Thursday, June 19, 2014

Preparing a wall for red paint, save money by being prepared before hiring a painter


I was hired to paint a couple of bedrooms and have been spending the last couple of weeks trying to get the first room finished. It's taking me awhile since I can't be there everyday and because I'm painting it red (to be explained). This room is 10' x 13' with 8' ceilings and it has taken me 12 hours......12 hours to complete!! Typically, a room this size takes me four hours total, from start to finish, it takes me two hours to paint the first coat, I leave it to dry overnight and return the next day to paint the second coat, which takes me two hours. 

I thought this would be a good post to write to talk about two things......painting a room red, and what to do to make this a pleasant experience for the painter (me) and to save your client a bit of money.

First of all, red is one of the hardest colors to paint. I mean, if you don't prime the walls first you will be painting forever, it is hard to get good coverage if you don't prime first. I am not an expert on paint, but I have been painting for forty years so I think I do know a few things. I told my client to get a primer tinted red, but I did tell her to talk to the clerk at the store to see what they recommend, I wanted to cover my bum:) The clerk told her she needed a gray primer, so she bought the gray primer. Well, two coats of primer and three coats of red paint later, the room is finally finished. Like I said, I'm no expert so if you ever need to paint a room red you need to experiment a little.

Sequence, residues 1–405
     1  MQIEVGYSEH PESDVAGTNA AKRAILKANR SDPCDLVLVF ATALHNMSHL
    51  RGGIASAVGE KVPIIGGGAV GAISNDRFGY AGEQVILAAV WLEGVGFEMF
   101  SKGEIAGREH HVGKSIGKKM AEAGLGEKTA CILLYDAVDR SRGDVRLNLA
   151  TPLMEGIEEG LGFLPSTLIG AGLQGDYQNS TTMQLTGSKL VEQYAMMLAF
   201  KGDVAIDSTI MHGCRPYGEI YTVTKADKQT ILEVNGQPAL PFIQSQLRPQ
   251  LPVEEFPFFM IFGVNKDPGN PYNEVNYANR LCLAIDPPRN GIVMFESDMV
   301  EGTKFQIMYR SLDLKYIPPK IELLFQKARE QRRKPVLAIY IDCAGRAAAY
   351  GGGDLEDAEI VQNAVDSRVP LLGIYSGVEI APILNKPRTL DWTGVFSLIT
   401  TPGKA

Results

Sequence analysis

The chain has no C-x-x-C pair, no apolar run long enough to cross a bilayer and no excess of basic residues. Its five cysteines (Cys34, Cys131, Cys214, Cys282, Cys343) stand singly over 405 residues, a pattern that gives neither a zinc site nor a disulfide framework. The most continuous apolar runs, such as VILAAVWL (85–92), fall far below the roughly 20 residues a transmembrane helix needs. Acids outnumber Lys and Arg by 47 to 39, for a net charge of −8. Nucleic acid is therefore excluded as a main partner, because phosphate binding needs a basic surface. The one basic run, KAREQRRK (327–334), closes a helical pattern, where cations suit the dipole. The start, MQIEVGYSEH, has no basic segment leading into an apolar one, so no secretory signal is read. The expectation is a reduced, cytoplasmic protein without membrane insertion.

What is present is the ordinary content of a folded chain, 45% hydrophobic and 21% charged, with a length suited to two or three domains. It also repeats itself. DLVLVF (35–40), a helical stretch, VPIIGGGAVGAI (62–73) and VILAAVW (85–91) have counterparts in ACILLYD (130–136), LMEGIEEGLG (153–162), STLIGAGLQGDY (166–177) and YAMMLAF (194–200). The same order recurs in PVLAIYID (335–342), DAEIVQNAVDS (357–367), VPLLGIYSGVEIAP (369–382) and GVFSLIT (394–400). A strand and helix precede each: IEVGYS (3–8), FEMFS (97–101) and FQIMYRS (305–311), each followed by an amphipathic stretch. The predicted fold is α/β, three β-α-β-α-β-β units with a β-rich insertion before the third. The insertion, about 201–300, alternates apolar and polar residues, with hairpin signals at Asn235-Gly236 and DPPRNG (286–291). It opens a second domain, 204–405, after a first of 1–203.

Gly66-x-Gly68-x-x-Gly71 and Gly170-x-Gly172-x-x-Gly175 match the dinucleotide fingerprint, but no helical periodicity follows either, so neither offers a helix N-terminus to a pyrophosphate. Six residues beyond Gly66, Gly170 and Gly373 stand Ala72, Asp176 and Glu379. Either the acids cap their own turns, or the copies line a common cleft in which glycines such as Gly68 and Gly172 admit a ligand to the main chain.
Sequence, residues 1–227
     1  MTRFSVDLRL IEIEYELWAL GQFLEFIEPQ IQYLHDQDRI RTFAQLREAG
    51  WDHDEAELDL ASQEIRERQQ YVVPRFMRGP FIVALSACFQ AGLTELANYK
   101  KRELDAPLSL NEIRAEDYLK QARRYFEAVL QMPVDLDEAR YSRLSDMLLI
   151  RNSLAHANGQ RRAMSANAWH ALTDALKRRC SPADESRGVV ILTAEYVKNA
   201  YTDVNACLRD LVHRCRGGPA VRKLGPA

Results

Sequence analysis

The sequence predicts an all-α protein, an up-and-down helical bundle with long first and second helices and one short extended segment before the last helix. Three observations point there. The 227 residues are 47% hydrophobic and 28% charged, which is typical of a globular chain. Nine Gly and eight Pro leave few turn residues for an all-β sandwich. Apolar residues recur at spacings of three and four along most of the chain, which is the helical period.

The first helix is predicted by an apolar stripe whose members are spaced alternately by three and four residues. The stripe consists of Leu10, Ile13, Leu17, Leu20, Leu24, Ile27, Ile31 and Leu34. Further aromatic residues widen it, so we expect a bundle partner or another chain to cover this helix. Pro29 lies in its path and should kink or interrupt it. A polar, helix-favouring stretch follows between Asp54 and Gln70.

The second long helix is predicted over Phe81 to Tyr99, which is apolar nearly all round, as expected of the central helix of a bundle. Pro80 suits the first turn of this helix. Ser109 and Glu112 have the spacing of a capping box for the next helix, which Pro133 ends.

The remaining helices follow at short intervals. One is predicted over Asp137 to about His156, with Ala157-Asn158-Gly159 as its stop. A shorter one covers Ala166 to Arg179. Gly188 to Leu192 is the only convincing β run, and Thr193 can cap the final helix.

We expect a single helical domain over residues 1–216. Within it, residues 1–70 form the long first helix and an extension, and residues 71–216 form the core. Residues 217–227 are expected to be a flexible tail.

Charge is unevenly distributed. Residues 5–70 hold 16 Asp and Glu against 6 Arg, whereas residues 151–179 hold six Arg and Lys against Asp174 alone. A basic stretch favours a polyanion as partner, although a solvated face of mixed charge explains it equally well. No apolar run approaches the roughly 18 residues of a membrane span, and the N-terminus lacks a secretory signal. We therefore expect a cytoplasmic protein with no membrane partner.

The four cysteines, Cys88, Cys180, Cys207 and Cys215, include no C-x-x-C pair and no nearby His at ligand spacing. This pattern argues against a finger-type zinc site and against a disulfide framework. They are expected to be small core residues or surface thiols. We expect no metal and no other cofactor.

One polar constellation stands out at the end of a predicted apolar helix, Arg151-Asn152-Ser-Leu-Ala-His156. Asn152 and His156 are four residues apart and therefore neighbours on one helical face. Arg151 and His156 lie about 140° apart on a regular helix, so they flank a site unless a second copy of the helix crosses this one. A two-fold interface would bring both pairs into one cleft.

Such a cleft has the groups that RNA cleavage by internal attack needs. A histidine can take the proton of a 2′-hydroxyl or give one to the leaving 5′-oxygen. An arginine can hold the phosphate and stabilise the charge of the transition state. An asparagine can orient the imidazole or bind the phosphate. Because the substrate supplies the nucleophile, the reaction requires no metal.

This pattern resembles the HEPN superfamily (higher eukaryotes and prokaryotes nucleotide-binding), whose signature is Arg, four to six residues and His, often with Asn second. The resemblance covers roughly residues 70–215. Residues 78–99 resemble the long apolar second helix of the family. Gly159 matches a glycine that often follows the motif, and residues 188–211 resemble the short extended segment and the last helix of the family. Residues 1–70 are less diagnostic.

The next thing I want to talk about, how to save money if you are going to hire someone to come in and paint for you. Clear the room, clean dried goo off the walls, fill nail holes, vacuum the floors, dust the baseboards. If your painter has to do these things to get a nice paint job it's going to add to the cost of the job. 

Clear the room: The job goes a lot quicker if the painter doesn't have to constantly move the furniture from side to side to get the ladder to the area to be painted. Less clutter means there will less likely be a terrible accident (spilling paint on the floor because you have to be super careful while navigating through the clutter) If the bed must stay in the room, put it in the center so the painter doesn't have to move it. And please take the bedding off, they would hate to have the roller spatter paint on the bedding.

Clean goo off walls: If there is something spilled on the walls it will show up if it's not cleaned off. You will have a nice big stain on your freshly painted walls.

Fill nail holes: This is the perfect time to fill any holes that you have, you will be glad you did, your walls will look like brand new. I will share in another post how I fill nail holes so you can't see polka dots on your walls:)

Vacuum the floors: I had to paint the baseboards red too and it would be a lot easier to do if the floors were vacuumed. Any fuzz or hair will no doubt get painted right into the woodwork if it's not vacuumed up first.

Dust the baseboards: (See vacuum the floors:)

Please, if you are going to hire someone to paint for you, be courteous and be prepared. And do your homework on primers before you paint a red room. Be prepared to pay a little more for the time it takes to prepare the walls for red paint. And it makes sense to me that if you tinted the primer red, chances are you wouldn't need to paint the room five times! And there is also paint that has primer in it so it would eliminate the primer steps altogether. 








5 comments: